3. Turn the mushrooms gill side up and spoon ricotta onto the mushrooms. Continue broiling for another 5 minutes, or until the ricotta is heated through and beginning to brown on the top. At the point the tomatoes and mushrooms should be just tender and the tomatoes should be lightly browned on top. Transfer them to a platter, sprinkle with basil and serve.

Baked Eggs Florentine in Prosciutto Cups

16 Slices Prosciutto
8 Large Eggs
6 Cups Fresh Spinach Leaves
1/2 Cup Parmesan Cheese
1/8 Tsp Freshly Ground Nutmeg
1/8 Tsp White Pepper

1. Preheat oven to 400F. Layering two pieces of prosciutto per cup, lay prosciutto into a muffin tin so that cups are formed. Once oven is hot, bake cups for 18 minutes.
2. Remove cups from oven, turn heat up to 450F. In a small bowl mix spices and parmesan cheese, set aside.
3. Distribute spinach equally among the cups and then place one egg inside of each cup. Sprinkle spice/cheese mixture over eggs and put in oven.
4. Bake 10-15 minutes, until eggs are just set. Serve hot.

As an aside (and to explain posts you may see soon), I have entered the Foodbuzz Project Food Blog competition, there will be a series of ten challenges I will need to complete (read as: there will be ten posts will be focused on challenge topics) running from September 19 through December 13. During this time I plan to continue to post my typical posts but I wanted to make sure to call attention to the other items as a special thing that will not last forever nor will they detract (hopefully) from the normal topics I write about. In advance I'd like to point anyone who is interested in reading about the contest, checking out the participants and hopefully voting for me ;) to the contest homepage.

Tuesday, September 14, 2010

Fishing for the end of summer

As I heartily welcome Fall I also have to bid Summer adieu, during the last part of August I stumbled across some beautiful Amberjack tenderloins in the ice chests at the San Miguel Seafood stand in our local Farmers Market. My mother has extolled the virtues of the purveyors of San Miguel Seafood on our other blog, Fresh from the Heart of Texas, but I can't tell you enough how fabulous these guys are. Every ounce of product that comes from the gentlemen of San Miguel is delicious! So, I gladly took their recommendation, bought the Amberjack and then had to come up with a fantastic way to use it. Towards the end of July my boyfriend was sent to Malaysia for a business trip, three weeks later his homecoming meal was the tasty Amberjack tenderloin :)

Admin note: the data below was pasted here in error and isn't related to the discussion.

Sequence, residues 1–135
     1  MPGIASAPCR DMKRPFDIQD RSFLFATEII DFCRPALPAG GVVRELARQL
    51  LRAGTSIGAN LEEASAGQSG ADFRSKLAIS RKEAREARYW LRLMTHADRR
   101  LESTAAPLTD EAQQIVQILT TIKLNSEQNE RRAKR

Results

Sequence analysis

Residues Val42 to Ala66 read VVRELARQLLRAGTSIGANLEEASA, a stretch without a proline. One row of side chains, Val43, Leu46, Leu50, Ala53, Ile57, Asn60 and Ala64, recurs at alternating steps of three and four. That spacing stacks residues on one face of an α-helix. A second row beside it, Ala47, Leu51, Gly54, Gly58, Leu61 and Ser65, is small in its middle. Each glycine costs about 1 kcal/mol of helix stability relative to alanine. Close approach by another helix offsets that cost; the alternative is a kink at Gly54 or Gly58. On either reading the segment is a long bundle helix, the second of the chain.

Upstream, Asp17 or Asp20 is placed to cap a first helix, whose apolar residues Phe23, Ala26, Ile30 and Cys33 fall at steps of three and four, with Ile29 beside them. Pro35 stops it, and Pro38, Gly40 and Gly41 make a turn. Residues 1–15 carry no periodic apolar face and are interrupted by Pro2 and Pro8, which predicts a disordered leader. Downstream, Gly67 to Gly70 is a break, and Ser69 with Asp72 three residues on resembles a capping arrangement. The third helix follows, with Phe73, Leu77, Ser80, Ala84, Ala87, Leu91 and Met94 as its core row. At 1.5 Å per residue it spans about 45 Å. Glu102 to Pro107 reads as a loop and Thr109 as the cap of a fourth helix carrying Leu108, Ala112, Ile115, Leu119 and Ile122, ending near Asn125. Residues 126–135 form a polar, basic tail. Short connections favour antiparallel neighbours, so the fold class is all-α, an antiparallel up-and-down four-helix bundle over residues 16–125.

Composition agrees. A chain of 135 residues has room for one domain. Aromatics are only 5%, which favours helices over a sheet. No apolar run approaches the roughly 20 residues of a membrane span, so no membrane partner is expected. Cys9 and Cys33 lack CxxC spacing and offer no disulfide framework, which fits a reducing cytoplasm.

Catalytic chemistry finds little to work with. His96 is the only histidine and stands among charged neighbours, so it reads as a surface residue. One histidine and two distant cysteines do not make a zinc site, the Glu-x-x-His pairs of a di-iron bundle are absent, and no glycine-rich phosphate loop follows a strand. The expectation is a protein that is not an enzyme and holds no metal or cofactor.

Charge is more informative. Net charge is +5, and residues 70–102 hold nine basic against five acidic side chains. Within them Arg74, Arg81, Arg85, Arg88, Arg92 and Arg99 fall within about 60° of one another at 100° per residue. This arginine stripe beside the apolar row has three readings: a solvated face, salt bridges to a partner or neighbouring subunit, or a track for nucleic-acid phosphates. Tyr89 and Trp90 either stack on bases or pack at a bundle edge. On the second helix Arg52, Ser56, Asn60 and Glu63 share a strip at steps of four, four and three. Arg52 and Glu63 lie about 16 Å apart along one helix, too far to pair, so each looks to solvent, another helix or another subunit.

Taking advantage of not just the beautiful fish I found but the other delights of our local Farmers Market, butternut squash, peaches, onions, bell peppers and jalapenos to make a great welcome home meal.

AmberJack with Peach Salsa and Butternut Squash Fritters

2 6oz AmberJack tenderloins
1/2 Tsp Cumin
1/2 Tsp Ancho Chile Powder
1/4 Tsp Cayenne Pepper
2 Tsp Coarse Sea Salt
1 Tsp Fresh Ground Black Pepper
3 Tbsp Butter
2 Tbsp Vegetable Oil
Mixed Salad Greens

Butternut Squash Fritters
1 Small Butternut Squash, peeled, shredded and drained
1/4 Cup Flour
1 Small White Onion, diced
Salt & Pepper to taste
Vegetable Oil

Peach Salsa
2 White Flesh Peaches, cubed
1 Blush Peach, cubed
2 Tbsp Cilantro, chopped
1 Small Red Onion, diced
1 Large Jalapeno, seeded, diced
1 Tsp Adobo Chile Powder
1/2 Tsp Coarse Salt
2 Tbsp Fresh Lime Juice

1. Mix all salsa ingredients together, let sit at least 30 minutes ahead of beginning cooking.
2. Prepare fritter mixture.
3. Season fish with all seasonings, melt butter in a large skillet and add oil.
4. Sear the fish on both sides, spooning oil/butter over the side not touching the skillet.
5. After fish is seared, place in oven at 250F for 20 minutes.
6. Once fish is in the oven, heat enough vegetable oil in a large skillet to come up about 1 inch in the skillet. Once the oil is heated and ready, drop rounded fritters into pan (only a few, maybe three max at a time). Cook so that both sides are browned, 3-4 minutes total.

After fritters and fish are done, plate, place fish atop mixed greens and top with salsa.

Sunday, September 12, 2010

Missing an Ingredient? No Problem!